Shubha Mudgal’s voice is at once primal and contemporary. Her markedly individual style of khayal (a dominant form of North Indian classical vocal music stemming from the Persian word for imagination) freely explores long sustained notes balancing acrobatic melodising. She is known for her detailed lyrical study, regularly singing poems by Sufi saints and medieval mystics, as well as her contemporary relevance through popular records.
Like the art form itself, Mudgal’s embrace of Indian classical music is holistic. “There is enough repertoire in circulation even today to prove that this system celebrates all aspects of life and living, from nature to wisdom, the sensual as well as the sublime,” she says. She views the genre as, “…immersive, demand[ing] discipline, concentration, and surrender. It teaches you humility because you can never be in complete control even after you attain considerable skill and mastery.”
As a living legend in the industry and probably the finest classical musician in India today, Mudgal’s own mastery and skill are nonpareil. There is a lyrical luminosity to her singing, which brings forth the purity of the raga and depth of heritage with almost elemental force, and she is well-known for her many musical accolades and achievements, including the Padma Shri from the Government of India in the year 2000, the Gold Plaque Award for Special Achievement in Music at the 34th Chicago International Film Festival, 1998, and the Yash Bharati Samman from the Government of Uttar Pradesh in 2015.
Yet, she takes time to share the breadth of her success and enable sustainable change for her community. Mudgal is renowned for her strong commitment to social causes, and is one of the most prominent advocates for improving the treatment of women in Indian classical music. She has supported various movements pushing for a more equitable distribution of power and resources in Indian society. She has also served on various national education committees, and runs Underscore Records with her tabla-playing husband Dr. Aneesh Pradhan, aiming to give Indian artists control of their own catalogue. Formerly a member of the Central Advisory Board of Education constituted by the Government of India, she has also campaigned for inclusion of arts education in mainstream school education.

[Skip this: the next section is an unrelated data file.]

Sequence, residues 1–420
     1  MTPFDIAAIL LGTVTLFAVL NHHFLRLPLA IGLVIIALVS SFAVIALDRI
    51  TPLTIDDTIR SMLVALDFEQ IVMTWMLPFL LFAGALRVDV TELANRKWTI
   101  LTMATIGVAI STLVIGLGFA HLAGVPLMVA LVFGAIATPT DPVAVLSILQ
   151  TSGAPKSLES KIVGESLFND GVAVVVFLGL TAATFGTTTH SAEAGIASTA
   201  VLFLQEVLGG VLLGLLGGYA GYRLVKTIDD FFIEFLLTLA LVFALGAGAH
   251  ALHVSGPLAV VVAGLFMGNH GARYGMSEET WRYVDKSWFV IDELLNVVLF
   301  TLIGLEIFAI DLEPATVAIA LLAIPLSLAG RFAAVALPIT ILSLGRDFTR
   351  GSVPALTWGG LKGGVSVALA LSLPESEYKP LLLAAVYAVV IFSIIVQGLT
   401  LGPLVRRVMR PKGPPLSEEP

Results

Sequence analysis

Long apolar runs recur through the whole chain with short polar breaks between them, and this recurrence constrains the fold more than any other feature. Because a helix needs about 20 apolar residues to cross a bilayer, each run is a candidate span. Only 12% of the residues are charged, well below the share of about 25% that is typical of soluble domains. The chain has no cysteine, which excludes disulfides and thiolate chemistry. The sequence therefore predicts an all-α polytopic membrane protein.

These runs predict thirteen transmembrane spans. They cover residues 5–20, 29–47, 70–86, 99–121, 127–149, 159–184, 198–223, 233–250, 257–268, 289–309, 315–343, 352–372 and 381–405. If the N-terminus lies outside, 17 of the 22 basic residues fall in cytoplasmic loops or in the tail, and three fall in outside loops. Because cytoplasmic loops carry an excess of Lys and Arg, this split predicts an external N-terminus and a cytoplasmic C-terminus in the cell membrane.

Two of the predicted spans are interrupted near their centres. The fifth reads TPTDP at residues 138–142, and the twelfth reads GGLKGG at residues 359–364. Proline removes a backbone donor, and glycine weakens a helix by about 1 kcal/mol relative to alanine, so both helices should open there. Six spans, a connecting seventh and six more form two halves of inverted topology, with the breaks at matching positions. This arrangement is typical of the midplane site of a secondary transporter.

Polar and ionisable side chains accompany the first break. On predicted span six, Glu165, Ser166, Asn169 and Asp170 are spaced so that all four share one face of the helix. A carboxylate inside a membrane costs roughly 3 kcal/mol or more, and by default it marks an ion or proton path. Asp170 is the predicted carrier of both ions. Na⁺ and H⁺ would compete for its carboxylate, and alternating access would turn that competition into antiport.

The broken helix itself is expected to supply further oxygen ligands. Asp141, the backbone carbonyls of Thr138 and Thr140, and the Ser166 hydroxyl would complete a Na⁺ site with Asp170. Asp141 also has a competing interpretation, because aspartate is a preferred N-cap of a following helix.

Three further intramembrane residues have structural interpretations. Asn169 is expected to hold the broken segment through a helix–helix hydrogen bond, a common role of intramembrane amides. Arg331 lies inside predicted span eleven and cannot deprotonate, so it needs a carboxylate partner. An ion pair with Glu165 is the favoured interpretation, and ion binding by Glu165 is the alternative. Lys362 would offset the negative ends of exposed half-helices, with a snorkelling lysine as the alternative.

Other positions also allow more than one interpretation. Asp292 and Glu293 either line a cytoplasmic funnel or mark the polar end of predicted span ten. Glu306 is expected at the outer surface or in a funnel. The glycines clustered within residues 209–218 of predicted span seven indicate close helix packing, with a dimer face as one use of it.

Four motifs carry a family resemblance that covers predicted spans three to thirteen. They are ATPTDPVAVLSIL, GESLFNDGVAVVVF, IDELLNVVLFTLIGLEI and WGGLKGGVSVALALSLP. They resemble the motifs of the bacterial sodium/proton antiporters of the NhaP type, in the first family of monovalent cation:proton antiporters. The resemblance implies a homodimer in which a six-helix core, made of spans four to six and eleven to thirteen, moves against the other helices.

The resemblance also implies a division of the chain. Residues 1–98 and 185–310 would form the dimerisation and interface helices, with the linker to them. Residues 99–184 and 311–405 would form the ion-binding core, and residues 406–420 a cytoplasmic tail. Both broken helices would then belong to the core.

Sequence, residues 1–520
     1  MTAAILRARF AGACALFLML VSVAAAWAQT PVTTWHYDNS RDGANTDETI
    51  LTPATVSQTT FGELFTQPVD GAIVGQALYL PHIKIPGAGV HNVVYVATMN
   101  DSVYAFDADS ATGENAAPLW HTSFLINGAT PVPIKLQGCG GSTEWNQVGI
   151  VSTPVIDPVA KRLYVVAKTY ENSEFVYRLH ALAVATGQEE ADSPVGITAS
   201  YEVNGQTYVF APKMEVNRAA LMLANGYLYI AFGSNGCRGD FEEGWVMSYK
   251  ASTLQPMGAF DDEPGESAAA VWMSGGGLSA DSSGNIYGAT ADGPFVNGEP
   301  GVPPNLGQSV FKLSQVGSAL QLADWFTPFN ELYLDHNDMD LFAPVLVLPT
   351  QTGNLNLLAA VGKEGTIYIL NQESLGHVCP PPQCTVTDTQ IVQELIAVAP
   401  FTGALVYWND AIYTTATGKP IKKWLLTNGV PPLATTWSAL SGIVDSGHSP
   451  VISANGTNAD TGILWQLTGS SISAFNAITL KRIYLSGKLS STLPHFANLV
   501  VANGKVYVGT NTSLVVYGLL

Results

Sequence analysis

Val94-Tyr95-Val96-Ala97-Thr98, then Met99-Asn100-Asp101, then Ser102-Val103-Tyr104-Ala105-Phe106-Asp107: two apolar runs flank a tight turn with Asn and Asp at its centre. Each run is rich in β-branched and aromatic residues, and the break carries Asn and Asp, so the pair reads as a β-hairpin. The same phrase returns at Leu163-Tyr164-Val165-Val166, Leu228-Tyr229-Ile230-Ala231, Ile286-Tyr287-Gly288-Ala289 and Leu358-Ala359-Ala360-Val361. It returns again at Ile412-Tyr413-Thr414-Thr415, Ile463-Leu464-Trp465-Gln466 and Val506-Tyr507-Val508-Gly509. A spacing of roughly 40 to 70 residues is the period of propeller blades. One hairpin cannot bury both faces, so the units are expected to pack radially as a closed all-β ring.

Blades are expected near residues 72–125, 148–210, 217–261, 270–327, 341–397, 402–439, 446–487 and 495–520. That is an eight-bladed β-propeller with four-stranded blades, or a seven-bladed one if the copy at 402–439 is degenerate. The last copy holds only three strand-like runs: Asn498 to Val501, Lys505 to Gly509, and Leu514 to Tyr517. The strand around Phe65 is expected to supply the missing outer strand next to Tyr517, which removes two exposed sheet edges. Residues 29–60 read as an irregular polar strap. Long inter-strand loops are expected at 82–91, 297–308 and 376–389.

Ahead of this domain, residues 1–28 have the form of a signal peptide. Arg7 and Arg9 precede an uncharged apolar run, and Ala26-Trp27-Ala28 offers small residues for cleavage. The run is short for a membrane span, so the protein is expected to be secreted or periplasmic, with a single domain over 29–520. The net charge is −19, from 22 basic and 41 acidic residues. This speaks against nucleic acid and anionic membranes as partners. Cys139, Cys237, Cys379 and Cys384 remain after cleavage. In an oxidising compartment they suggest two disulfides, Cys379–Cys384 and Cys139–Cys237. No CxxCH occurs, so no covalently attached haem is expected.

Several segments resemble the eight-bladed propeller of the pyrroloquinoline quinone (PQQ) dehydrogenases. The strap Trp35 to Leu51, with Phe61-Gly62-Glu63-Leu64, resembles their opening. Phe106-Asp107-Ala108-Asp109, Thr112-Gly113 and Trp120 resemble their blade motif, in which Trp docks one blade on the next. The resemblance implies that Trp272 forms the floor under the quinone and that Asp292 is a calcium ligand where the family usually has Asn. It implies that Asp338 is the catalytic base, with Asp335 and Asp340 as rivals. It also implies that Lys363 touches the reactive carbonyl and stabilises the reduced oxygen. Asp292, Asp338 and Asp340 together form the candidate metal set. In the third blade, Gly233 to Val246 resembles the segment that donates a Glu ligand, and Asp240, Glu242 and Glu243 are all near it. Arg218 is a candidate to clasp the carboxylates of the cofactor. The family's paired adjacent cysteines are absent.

So where does this veritable powerhouse of talent come from?
Born in Allahabad to two Professors of English Literature, Mudgal’s versatile style is the result of study with a wide range of gurus - notably Ramashreya Jha ‘Ramrang’, Vinaya Chandra Maudgalya, Vasant Thakar, Jitendra Abhisheki, Kumar Gandharva, and Naina Devi.
“Each of my gurus (for a complete list, see here) shared an almost fanatical appetite to learn, collate, compile and enrich their understanding of music from various sources,” explains Mudgal, adding that “…it is not surprising that their many students like me, also inherited from them this highly eclectic approach.” Such diversity in approach has also enriched Mudgal’s repertoire with, “compositions and traits from diverse gharanas such as Gwalior, Kirana, Agra-Atrauli and Jaipur.”
As a result, Mudgal’s specialty lies in khayal and thumri-dada, but the richness of her voice also has unbelievable malleability and tonal flexibility. And she has continued to pursue and perpetuate the study of music, both at an individual and community level.
“I was encouraged by my gurus to immerse myself as completely as possible, in the study of music. That meant learning both theory and practice because one cannot be a practitioner/performer of Hindustani classical music without any knowledge whatsoever of shastra or theory,” she says, adding that an understanding of the sahitya or literature/texts one performs was also encouraged by her gurus, who were themselves very well versed in literature, writing their own lyrics and deliberating about important issues. “At home, too, I was encouraged to read, discuss, analyse and articulate,” adds Mudgal, “My musical upbringing and parental upbringing has helped me to live my life in the constant companionship of music, and approach my study of music from different perspectives—those of a student, performer, composer, author, teacher.”
This has led to her versatility and talent across a range of fields. Also an author, her debut collection of short stories Looking for Miss Sargam showcases her insightful understanding of the music ‘sadhana’ and industry. Her keen sensitivity to the ecosystem within which artists navigate speaks volumes of her immersion in both the technical and creative facets of the field.
As she said in an interview, “The life of an artist anywhere in the world is one which is difficult…All along you are trying to find your voice in practises and in systems that have been around for a long time…and then you come along with a keen, obsessive compulsive passion to make music, and you are pitted against [centuries] of music-making and artistic endeavour…and there you are, trying to say, ‘I need to find my voice.’”
But as an acclaimed artist foraging in uncharted territory and making headway in her espousal of the khayal tradition, hers is a voice that rings loud and true. Her many contributions to music have helped reclaim the narrative and ensure that music—and music education—thrive in the Indian musical context.
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